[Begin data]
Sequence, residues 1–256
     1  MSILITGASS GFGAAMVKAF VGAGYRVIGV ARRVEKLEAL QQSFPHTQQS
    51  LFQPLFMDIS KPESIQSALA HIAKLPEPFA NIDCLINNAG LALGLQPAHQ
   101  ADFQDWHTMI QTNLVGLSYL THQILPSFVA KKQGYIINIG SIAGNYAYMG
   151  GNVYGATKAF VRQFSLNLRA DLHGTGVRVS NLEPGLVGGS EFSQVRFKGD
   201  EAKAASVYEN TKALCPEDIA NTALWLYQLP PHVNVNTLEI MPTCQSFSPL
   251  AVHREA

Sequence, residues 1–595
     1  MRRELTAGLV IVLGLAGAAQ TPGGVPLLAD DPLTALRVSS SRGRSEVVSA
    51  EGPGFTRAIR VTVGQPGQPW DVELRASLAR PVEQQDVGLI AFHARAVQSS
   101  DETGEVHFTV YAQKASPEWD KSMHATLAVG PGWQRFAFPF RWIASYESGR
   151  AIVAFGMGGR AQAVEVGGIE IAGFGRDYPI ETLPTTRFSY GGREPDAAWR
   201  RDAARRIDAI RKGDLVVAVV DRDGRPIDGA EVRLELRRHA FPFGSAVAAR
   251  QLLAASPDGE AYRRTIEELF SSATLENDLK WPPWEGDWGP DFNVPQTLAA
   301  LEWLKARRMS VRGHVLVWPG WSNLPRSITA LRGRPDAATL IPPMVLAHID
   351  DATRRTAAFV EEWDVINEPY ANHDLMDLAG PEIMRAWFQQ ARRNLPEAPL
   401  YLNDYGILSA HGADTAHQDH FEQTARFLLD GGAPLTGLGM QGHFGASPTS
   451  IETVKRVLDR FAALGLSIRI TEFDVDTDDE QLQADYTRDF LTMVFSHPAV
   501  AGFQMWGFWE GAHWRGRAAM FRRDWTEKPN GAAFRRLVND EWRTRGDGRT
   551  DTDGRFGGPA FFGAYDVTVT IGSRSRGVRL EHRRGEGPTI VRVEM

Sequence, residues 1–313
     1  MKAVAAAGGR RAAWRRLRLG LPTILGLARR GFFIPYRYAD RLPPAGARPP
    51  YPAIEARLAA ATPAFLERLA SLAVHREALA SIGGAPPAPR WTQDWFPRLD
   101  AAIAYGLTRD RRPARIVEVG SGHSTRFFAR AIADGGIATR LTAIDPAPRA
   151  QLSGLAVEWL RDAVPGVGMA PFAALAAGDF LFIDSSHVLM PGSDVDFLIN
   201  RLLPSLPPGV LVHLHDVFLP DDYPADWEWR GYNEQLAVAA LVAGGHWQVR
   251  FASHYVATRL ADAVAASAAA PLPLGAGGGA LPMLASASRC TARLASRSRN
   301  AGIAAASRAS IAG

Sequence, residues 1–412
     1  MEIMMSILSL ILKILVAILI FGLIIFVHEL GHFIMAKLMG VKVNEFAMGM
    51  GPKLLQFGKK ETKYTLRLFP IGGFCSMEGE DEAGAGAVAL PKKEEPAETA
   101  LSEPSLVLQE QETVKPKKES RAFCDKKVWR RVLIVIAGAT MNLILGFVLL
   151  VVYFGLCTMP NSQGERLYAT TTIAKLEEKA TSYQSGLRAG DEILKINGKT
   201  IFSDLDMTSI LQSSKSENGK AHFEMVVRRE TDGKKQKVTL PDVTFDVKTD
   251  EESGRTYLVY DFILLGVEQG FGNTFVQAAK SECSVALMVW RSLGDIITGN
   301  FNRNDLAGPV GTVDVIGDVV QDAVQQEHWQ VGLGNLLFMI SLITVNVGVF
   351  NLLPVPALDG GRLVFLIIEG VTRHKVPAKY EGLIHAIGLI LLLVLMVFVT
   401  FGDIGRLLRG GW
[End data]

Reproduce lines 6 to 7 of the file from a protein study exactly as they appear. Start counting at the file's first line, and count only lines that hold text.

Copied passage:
   201  EAKAASVYEN TKALCPEDIA NTALWLYQLP PHVNVNTLEI MPTCQSFSPL
   251  AVHREA